Botany online 1996-2004. No further update, only historical document of botanical science!
Cytophotometric results of DNA analyses were already introduced when talking about the doubling of the amount of DNA during S-phase. The following measurements have to be taken into account when dealing with comparative quantitative measurements of the amount of nuclear DNA:
The DNA of nuclei has to be stained specifically. The Feulgen-reaction proved to be especially useful for this purpose. It is based on the binding of colourless leucofucin (an alkaline fuchsin made colourless by treatment with sulphurous acid) to aldehyde residues rendering a red colour complex. The required aldehyde groups are the result of a previous hydrolytic treatment of the DNA. Standardized experimental conditions (controlled temperature, concentration of the reactants, length of hydrolysis, duration of the reagent’s influence) are strictly to be followed.
Staining does despite the utmost experimental care never produce absolute, reproducible experiments. The error rate is very high. The results of each measurement have therefore to be related to an intern control, a so-called standard. Usually, diploid nuclei of the root tip of Allium cepa containing 33.5 pg DNA [1pg = 1 picogram = 10-12 g] are used.
The choice of the nuclei (cells) has to be made with great care, since polyploidization is very common during ontogenesis and tissue specialization and the amount of DNA doubles during each S-phase of the cell cycle. It is therefore common to analyze nuclei of the telophase of meristematic tissue.
The resulting amount of DNA refers to the haploid or the diploid genome (n or 2n). The values are called (1)C- or 2C-values.
Measurements of stained nuclei occur in the cytophotometer, a device consisting of a microscope, a photometer, and an integrator. Cytofluorometry during which the nuclei are fluorochromed is even more sensitive than cytophotometry. DAPI (4’,6-diamino-2-phenylindol) or Hoechst 33258 (2-[2-(4-hydroxyphenyl-) 6-benzimidazolyl- 6-(l-methyl, 4-piperazyl) benzimidazol]) are especially well-suited as specific fluorochromes.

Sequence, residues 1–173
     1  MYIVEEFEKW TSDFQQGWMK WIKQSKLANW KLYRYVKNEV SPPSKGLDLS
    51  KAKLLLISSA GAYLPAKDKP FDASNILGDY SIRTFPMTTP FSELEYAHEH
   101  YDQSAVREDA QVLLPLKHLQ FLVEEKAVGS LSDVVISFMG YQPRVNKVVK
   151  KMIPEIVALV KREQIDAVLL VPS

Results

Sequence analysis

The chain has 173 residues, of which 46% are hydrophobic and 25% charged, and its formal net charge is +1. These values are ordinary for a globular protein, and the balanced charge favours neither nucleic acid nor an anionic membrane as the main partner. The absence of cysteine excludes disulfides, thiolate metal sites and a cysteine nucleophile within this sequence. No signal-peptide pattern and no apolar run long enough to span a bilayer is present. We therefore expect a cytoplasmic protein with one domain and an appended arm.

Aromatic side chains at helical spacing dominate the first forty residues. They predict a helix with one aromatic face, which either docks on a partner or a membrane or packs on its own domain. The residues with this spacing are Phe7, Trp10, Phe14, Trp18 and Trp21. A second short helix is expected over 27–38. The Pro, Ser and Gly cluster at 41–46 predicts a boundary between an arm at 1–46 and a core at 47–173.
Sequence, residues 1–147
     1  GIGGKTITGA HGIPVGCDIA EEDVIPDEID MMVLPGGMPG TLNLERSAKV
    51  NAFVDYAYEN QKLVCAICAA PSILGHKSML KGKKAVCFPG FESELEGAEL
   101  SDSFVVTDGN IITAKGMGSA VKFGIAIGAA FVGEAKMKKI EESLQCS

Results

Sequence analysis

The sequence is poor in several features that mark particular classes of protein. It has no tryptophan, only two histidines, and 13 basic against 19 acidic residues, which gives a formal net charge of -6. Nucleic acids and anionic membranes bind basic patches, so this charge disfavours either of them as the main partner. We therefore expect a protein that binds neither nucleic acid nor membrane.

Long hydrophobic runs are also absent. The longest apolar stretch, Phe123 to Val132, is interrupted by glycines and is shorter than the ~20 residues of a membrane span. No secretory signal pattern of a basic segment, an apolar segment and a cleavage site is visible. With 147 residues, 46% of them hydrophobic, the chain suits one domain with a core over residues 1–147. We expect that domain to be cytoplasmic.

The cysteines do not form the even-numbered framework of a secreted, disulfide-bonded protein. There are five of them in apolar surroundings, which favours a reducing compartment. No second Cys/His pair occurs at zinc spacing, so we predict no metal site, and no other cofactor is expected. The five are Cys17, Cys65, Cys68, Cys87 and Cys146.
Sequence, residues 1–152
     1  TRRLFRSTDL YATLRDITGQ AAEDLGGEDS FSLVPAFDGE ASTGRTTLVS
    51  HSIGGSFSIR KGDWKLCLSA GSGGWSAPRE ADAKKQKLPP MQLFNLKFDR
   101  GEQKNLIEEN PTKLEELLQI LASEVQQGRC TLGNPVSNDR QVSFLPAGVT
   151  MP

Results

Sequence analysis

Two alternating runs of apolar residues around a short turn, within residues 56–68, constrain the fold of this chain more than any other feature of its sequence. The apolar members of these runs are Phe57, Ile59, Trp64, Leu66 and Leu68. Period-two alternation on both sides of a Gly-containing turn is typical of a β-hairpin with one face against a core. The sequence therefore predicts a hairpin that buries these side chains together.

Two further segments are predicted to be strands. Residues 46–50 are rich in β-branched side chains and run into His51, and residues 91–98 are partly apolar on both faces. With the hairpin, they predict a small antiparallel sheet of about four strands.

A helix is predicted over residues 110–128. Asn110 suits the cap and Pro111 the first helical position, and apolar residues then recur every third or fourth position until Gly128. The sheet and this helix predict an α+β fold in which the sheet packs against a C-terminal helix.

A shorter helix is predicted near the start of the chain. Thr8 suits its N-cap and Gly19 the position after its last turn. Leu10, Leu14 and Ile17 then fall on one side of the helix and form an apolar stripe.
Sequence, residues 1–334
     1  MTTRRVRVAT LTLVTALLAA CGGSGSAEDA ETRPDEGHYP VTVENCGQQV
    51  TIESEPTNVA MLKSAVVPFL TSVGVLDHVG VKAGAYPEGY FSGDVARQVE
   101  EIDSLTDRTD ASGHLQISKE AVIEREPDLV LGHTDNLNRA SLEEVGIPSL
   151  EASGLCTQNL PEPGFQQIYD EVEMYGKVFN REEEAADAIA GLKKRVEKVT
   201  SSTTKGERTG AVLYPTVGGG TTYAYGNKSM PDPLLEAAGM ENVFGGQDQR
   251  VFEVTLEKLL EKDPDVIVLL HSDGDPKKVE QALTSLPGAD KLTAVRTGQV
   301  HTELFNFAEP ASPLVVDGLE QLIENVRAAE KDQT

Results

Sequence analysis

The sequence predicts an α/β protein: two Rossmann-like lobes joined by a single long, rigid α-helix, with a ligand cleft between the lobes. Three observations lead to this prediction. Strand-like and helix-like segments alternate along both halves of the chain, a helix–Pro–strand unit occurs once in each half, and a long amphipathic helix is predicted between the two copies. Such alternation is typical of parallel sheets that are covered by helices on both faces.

If the experimental conditions are chosen and standardized correctly, the amount of fluorescence generated due to complex formation between DNA and fluorochrome is directly proportional to the amount of DNA. Only few results have been gained by this method yet.
The 2C-values of a number of gymnosperms and angiosperms are known. The angiosperm numbers cover more than three magnitudes, while that of gymnosperms vary by a factor of 15 only. The extremes can vary between 1:10 and 1:50, polyploidy being just one of the causes.
Relatively few measurements of algae, mosses, and ferns have been conducted, but it is already becoming quite clear that the average values of these groups are below that of the evolutionary higher developed angiosperms. When comparing the species with the smallest amounts of DNA of each class, a clear increase in the amount of DNA with increasing evolutionary development is apparent.
Amount of DNA per cell or per organelle. In some viruses: amount of RNA. An increase of the DNA with rising evolutionary development becomes apparent (according to A. H. SPARROW, H.J.PRICE, A.G.UNDERBRINK, 1972).
The introduced values show that considerable differences in the DNA-content of their genomes exist within many genera despite the large similarities of their species. This phenomenon could at first not be explained, it was therefore termed paradox of the C-value. We know today that the larger part of the DNA of all eucaryotes is non-encoding and this part can change in size from species to species without effecting active genes. We will treat this phenomenon in more detail in the next section.